Touring Gran Sasso, Abruzzi

Let's go to Gran Sasso, Abruzzi...

Gran Sasso, Abruzzi Italy

Gran Sasso, Abruzzi, Italy

If you are looking for a European tourist destination, consider visiting the Gran Sasso (Great Stone) mountain range in the Abruzzi region of central Italy. Depending on your interests, this beautiful area might be an ideal vacation spot. You can ski, engage in other winter sports, simply enjoy nature or much more. This area is definitely off the beaten path, despite the fact that it is fairly close to Rome. Be sure to read the companion articles in this series that present eastern and western Abruzzi.

The Gran Sasso and Monti della Laga National Park was established in 1991 with an area of over two thousand square kilometres (about 800 square miles) of mostly mountainous terrain located only 130 kilometers (approximately 80 miles) east of Rome. The area includes many rivers that run into the Adriatic Sea, which boasts many fine resorts and relatively few non-Italian tourists. You will find winter sports facilities, not surprising when consider that Corno Grande, for example, at just under three thousand meters (more than a mile and a half), is the highest peak in the Apennines. These peaks are snow-covered for much of the year. Below the Corno Grande peak you’ll find the Calderone Glacier, the southernmost glacier in Europe. This glacier has lost more than 90% of its volume in less than a century. Some say that it will disappear by 2020.

The Gran Sasso slopes are grazed by sheep, cattle, and wild horses during most of the year. The park is home to rare species of wildlife incluing the Apennine wolf, the Marsican bear, wildcats, wild boar, and chamois. Wild flowers and birds abound.

Campo Imperatore, Abruzzi, Italy

Campo Imperatore, Gran Sasso, Abruzzi, Italy.

A hotel on the Campo Imperatore was once home to a particularly vicious snake in the grass, Italian fascist dictator, Benito Mussolini. He was imprisoned there from August until September 1943 when freed by a Nazi commando operation before meeting his end. On the other hand “The Gendarme” peak was renamed in 2005 "John Paul II Peak" to honor Pope John Paul II on what would have been his 85th birthday. He had visited the Gran Sasso many times, saying it reminded him of the mountains of his native Poland. At the southern edge of Campo Imperatore within the national park are three medieval hill towns once ruled by the Medicis: Calascio, which sits before the ancient fortress ruin of Rocca di Calascio, Santo Stefano di Sessanio, and Castel Del Monte.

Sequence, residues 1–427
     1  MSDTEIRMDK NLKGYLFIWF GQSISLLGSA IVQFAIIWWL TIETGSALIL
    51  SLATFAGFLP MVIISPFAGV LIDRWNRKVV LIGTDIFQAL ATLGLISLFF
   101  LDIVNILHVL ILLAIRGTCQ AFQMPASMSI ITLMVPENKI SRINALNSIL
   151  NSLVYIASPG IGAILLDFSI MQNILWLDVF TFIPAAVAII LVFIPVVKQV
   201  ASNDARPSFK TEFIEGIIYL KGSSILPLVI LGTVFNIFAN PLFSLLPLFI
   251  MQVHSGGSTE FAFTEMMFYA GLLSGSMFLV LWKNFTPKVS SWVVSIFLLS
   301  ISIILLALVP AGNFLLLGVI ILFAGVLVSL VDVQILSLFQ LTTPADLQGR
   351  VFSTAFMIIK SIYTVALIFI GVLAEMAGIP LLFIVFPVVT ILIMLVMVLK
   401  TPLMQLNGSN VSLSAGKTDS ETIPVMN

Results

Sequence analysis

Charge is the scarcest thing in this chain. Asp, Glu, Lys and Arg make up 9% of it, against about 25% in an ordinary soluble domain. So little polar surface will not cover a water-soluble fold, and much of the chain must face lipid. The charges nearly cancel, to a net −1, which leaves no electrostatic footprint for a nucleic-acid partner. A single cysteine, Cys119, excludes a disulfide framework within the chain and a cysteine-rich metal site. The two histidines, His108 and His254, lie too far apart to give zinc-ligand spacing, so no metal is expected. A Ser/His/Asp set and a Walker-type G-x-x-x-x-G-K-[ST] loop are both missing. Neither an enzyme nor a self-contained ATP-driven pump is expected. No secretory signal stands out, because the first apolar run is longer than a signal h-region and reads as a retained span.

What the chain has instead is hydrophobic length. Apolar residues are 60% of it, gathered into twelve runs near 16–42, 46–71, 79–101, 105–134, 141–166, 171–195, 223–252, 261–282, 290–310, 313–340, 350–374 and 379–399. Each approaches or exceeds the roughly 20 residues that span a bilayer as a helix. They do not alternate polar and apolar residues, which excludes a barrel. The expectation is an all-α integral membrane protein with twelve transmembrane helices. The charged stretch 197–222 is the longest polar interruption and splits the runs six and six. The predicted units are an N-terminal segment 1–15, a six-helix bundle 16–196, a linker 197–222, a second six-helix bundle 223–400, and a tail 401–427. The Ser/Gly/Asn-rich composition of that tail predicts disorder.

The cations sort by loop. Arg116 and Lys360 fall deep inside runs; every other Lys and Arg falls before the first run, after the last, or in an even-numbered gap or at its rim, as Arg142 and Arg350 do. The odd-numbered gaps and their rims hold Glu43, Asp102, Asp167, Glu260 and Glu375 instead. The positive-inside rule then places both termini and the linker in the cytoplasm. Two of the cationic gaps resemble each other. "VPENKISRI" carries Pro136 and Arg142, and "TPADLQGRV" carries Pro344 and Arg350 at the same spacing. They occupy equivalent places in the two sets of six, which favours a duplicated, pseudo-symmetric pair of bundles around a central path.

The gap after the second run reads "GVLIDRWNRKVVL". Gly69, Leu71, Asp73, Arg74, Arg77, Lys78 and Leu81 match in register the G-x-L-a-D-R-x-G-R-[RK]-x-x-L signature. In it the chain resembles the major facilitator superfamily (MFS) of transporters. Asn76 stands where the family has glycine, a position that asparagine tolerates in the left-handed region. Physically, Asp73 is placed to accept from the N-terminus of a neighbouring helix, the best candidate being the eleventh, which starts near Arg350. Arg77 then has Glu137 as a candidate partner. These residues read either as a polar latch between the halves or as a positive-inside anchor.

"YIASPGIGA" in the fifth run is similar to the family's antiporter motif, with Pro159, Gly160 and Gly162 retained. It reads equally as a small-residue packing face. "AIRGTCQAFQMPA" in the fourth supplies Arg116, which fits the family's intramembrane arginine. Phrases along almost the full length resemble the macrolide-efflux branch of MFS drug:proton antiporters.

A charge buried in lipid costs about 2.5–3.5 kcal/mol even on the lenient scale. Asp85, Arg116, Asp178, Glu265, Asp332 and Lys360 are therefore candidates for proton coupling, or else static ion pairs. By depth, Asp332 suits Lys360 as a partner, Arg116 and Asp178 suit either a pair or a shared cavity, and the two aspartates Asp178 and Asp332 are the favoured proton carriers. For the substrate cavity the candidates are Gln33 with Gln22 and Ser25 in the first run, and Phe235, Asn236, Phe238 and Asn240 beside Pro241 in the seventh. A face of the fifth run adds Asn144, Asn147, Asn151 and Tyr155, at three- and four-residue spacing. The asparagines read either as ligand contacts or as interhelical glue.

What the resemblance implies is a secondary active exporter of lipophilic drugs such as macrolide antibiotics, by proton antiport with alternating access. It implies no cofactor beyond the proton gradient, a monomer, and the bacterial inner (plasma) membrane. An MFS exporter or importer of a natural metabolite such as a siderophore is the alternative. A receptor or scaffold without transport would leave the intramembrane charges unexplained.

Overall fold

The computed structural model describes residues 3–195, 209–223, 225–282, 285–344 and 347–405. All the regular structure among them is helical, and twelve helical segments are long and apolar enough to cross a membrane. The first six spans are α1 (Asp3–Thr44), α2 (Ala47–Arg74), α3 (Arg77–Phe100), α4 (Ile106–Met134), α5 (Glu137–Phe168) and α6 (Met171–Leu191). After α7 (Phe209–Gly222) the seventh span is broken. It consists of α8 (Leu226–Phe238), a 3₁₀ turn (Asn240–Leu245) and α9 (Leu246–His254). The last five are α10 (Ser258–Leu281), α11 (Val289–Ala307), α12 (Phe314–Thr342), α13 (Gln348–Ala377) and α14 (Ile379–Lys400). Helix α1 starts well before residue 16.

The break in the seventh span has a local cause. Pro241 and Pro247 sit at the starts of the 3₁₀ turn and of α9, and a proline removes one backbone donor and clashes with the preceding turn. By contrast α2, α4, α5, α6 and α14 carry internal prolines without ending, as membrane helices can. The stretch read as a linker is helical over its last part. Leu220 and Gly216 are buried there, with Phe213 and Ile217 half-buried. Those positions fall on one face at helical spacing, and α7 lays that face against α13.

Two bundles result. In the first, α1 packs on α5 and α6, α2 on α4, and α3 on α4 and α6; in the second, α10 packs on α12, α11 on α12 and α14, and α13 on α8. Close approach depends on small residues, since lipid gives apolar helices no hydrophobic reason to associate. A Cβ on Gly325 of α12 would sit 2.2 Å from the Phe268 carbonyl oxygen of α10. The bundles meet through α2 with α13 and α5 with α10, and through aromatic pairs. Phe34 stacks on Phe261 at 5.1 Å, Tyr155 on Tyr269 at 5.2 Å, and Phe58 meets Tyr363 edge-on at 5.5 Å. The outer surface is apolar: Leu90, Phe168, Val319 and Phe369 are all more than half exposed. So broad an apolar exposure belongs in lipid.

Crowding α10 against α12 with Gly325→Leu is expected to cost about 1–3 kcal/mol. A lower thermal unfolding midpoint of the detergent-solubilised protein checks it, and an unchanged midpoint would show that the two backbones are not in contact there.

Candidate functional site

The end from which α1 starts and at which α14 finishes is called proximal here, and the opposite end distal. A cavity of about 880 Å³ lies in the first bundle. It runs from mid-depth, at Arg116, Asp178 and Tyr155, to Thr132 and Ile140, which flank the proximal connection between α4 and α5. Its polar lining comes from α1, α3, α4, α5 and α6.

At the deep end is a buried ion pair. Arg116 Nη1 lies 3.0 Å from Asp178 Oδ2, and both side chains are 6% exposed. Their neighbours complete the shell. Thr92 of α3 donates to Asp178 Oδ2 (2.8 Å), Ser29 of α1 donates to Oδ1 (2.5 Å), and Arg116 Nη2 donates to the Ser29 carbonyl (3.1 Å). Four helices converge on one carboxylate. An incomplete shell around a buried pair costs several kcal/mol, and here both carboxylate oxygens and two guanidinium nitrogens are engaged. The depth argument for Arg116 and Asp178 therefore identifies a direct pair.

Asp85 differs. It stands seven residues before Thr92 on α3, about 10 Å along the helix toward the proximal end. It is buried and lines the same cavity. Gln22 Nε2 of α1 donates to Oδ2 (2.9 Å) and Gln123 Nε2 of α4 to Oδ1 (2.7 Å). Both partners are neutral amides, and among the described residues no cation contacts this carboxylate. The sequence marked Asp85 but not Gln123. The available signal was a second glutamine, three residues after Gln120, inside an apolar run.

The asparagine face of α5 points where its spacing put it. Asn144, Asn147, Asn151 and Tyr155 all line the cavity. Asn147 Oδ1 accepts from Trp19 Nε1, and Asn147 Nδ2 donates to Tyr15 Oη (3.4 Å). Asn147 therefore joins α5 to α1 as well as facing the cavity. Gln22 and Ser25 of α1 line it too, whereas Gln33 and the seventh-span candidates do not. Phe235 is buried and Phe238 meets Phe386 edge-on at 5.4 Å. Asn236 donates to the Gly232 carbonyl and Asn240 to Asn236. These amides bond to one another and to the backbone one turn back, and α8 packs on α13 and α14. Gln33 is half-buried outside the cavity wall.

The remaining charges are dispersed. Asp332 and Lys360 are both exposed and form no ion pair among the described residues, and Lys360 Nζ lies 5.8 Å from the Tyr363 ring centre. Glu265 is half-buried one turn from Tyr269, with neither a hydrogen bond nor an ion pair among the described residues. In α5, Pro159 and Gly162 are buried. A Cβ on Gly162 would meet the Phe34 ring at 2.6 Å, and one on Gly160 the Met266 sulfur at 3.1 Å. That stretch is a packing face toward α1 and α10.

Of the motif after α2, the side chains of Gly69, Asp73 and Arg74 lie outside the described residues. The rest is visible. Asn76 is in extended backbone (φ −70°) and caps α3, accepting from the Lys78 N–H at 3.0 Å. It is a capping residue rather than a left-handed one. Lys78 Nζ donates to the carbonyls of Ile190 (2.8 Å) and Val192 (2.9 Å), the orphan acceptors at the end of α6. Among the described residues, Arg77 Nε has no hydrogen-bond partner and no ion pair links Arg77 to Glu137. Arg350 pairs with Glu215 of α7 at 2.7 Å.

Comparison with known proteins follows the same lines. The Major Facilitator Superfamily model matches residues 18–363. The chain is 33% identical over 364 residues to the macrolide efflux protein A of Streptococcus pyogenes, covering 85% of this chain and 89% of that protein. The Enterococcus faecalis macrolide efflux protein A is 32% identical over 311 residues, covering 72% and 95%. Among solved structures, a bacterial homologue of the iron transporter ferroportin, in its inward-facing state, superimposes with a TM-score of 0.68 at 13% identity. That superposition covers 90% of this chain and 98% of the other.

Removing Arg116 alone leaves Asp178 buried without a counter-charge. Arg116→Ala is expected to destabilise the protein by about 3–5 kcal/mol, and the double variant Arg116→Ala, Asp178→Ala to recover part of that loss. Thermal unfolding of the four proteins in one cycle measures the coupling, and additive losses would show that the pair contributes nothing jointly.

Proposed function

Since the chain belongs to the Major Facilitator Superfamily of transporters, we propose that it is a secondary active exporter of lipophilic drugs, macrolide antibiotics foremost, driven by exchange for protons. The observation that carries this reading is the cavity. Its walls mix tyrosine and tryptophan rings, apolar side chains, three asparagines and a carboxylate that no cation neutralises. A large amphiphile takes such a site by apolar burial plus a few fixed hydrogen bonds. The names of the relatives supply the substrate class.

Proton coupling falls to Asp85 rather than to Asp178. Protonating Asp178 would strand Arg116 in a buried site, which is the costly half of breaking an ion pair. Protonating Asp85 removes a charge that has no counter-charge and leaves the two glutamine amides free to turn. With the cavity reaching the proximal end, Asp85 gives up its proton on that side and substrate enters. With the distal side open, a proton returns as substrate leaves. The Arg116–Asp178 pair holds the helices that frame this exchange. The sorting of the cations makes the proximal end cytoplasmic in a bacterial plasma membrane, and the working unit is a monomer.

The park is home to the Laboratori Nazionali del Gran Sasso (Gran Sasso National Laboratory) located below 1400 meters (almost one mile) of solid rock, and, according to many, near two major and highly active seismic faults. The laboratory employs more than 700 scientists from twenty different countries and is part of the movement to preserve the Gran Sasso environment.

About the Author

Levi Reiss has authored or co-authored ten books on computers and the Internet, but to be honest, he would rather just drink fine Italian or other wine, accompanied by the right foods. He teaches classes in computers at an Ontario French-language community college. Visit his website www.travelitalytravel.com devoted to Italian travel with an accent on fine Italian wine and food. Visit his central wine website www.theworldwidewine.com with weekly reviews of $10 wine and columns devoted to various aspects of wine including wine and food, humor, trivia, organic and kosher wine and lots more.

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